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NEWS
February 14, 2016
Simon's Fund is all about awareness and raising fun and funds, but most important, about getting to the heart of the matter, which means providing tests ahead of time to detect heart problems and sudden cardiac arrest. On Jan. 30, more than 300 attended the annual Simon's Soiree at the Sheraton Valley Forge Hotel to eat, drink, raise funds, and honor Brian Hainline, chief medical officer of the NCAA, with the Protect This Heart Award. Hainline was recognized for his efforts to increase awareness about sudden cardiac arrest in students.
NEWS
April 6, 1988 | Daily News Wire Services
Illinois Sen. Paul Simon is expected to decide today whether to stop active campaigning for the Democratic presidential nomination or formally withdraw from the race. Simon finished a distant fourth in the Wisconsin primary yesterday, mortally wounding a campaign that has scored only one victory - in his home state last month. According to top campaign sources, Simon will decide what to do in meetings today. If he quits, about one-third of the 155 national convention delegates he won in Illinois would go to the Rev. Jesse Jackson, the other Illinois favorite son.
ENTERTAINMENT
January 9, 1990 | By Marilyn Beck, Special to the Daily News
Columbia Records is rushing "Simon and Garfunkel: Collected Works" - a three-cassette/compact disc set containing 58 of the duo's classic songs - onto the shelves by Jan. 17. The special project is in commemoration of the induction of Simon and Garfunkel into the Rock and Roll Hall of Fame later this month. Also due to be inducted in ceremonies are The Who, the Kinks, the Four Tops, Frankie Vallee and the Four Seasons, the Platters, Hank Ballard and the late Bobby Darin. "Collected Works," which features previously unpublished lyrics from Simon and Garfunkel tunes, was digitally remastered by Roy Halee, the engineer of the duo's original five albums.
NEWS
January 7, 1990 | By Alan Sipress and Jeff Gammage, Inquirer Staff Writers
The game in Camden County, say some Democratic officials, is Simon Says. Democratic Sheriff William J. Simon has what Freeholder Director Robert E. Andrews may need for his expected run for Congress: a battalion of campaign supporters and a proven ability to raise campaign funds. Andrews has what Simon wants: millions of dollars in county funds to expand the sheriff's department. That combination, say Democratic insiders, has given the longtime sheriff the power to squeeze concessions from Andrews and his fellow Democrats, who control the freeholder board.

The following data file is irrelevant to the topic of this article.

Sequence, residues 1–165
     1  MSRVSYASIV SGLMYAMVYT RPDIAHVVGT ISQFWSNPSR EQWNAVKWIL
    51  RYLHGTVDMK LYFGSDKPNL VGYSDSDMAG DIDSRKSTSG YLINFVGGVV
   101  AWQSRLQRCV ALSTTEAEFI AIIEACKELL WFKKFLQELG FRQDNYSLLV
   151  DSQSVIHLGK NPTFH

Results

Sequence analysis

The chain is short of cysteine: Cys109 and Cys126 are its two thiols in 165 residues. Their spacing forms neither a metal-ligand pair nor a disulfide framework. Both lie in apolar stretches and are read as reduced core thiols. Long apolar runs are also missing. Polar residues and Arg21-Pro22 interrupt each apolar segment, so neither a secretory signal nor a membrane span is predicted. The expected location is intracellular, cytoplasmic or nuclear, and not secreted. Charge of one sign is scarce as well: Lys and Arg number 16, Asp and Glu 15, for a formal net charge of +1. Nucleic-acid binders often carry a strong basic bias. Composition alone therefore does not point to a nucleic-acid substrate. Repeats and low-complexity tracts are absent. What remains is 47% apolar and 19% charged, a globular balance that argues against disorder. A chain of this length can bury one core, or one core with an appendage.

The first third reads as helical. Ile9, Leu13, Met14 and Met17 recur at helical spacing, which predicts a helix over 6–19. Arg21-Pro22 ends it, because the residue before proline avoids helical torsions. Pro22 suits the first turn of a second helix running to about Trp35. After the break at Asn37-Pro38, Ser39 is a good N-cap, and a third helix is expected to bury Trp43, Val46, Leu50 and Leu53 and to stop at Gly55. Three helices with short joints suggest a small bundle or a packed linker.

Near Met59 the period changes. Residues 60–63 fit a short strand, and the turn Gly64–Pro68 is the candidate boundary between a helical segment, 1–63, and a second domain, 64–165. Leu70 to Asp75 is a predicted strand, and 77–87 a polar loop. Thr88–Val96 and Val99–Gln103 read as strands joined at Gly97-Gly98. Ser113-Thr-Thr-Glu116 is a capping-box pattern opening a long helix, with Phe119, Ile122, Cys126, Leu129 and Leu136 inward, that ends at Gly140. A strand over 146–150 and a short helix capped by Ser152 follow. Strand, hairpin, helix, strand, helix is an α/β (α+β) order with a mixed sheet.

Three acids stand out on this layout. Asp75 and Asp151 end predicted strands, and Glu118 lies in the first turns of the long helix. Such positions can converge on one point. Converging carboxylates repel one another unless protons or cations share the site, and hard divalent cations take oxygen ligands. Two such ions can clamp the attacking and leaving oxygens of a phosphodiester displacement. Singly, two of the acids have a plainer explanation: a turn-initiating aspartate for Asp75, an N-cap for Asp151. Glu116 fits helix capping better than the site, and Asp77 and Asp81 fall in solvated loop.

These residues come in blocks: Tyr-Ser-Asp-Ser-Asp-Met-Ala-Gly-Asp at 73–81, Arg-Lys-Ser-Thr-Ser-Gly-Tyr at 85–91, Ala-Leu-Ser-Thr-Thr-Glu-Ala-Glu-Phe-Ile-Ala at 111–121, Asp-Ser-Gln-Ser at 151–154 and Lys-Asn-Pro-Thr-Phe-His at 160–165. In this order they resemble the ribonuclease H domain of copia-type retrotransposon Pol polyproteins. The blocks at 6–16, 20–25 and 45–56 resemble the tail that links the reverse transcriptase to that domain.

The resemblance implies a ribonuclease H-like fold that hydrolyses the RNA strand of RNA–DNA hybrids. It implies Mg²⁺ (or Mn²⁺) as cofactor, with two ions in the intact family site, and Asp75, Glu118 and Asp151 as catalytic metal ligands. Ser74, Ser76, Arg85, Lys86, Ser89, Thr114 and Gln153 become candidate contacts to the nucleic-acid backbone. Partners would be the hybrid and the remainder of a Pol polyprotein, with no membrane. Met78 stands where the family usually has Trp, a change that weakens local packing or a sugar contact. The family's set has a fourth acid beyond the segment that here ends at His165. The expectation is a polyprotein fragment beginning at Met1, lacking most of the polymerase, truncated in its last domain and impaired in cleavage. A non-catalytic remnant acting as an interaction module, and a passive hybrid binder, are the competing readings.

NEWS
January 10, 1988 | By Andrew Cassel, Inquirer Staff Writer
Economists, journalists and even a few voters were poring over Sen. Paul Simon's latest barrage of numbers last week, trying to divine whether his formula for balancing the federal budget within three years added up. But Simon's real balancing act continued to be political, as the Illinois Democrat pressed both his pledge of a pay-as-you-go administration and a call for new spending on educational and social programs by "a government that cares....
NEWS
March 29, 1991 | By Tom Moon, Inquirer Music Critic
Paul Simon's "Born at the Right Time" tour brought some unusual things to the Spectrum on Wednesday. Suit-wearing businessmen and youngsters born after Still Crazy After All These Years was released in 1975 rubbed shoulders in a communal dance powered by the 1986 Graceland hit "You Can Call Me Al. " Four Brazilian percussionists stirred up richly layered rhythms that made the heavy-metal drummers who frequently inhabit the building sound...
NEWS
June 1, 1988 | By Rich Heidorn Jr., Inquirer Staff Writer
Eugene F. Salerno has no money for newspaper or radio advertisements, no patronage employees to post campaign signs. The medium in Salerno's bid to unseat Camden County Sheriff William J. Simon is 6,000 pamphlets - montages of newspaper articles critical of Simon - that Salerno hands shoppers outside stores. His strategy: "I usually try to get them before they go in, when they don't have a lot of packages. " For Salerno, 62, who retired last year after two decades in the Sheriff's Department, Tuesday's Democratic primary will be his fourth try for sheriff.
ENTERTAINMENT
March 25, 1988 | By Desmond Ryan, Inquirer Movie Critic
If Neil Simon had written Biloxi Blues - a memoir of his days as a World War II Army recruit - in the 1960s, we would surely have seen a parade of slick one-liners marching toward the barracks. But Simon has come to the service comedy - a form that has been absent with leave since Vietnam - in a mellower, more reflective mood. So has Mike Nichols, who here directs his first Simon film (having done four Simon plays on Broadway). Biloxi Blues is the second part of the trilogy of candidly autobiographical Simon plays.
NEWS
April 8, 1988 | By Andrew Cassel, Inquirer Staff Writer
Sen. Paul Simon halted his presidential campaign yesterday but did not formally withdraw as a candidate, thus maintaining his claim to the 166.5 delegates he has won thus far. The move drew fire from Democratic rival Jesse Jackson, who said Simon should do "the honorable thing" and drop out of the race. Under national party rules, a formal withdrawal would have released to Jackson the 47 at-large delegates Simon won in last month's Illinois primary, possibly giving back to Jackson an edge over current front-runner Michael S. Dukakis.
NEWS
November 12, 1987 | By Larry Eichel, Inquirer Washington Bureau
One natural consequence of being taken seriously as a presidential candidate is that people pay attention to what you have to say. And that can be a mixed blessing. Sen. Paul Simon (D., Ill.) is learning that lesson, regarding his views on fiscal policy in general and the federal budget deficit in particular. As Simon's poll numbers rise, his rivals have begun to focus on another set of figures - the ones attached to his economic proposals. Their implicit conclusion is that Simon is not the "Harry Truman pay-as-you-go Democrat" he claims to be. His economics, they say, owe a lot to a Republican president - Ronald Reagan.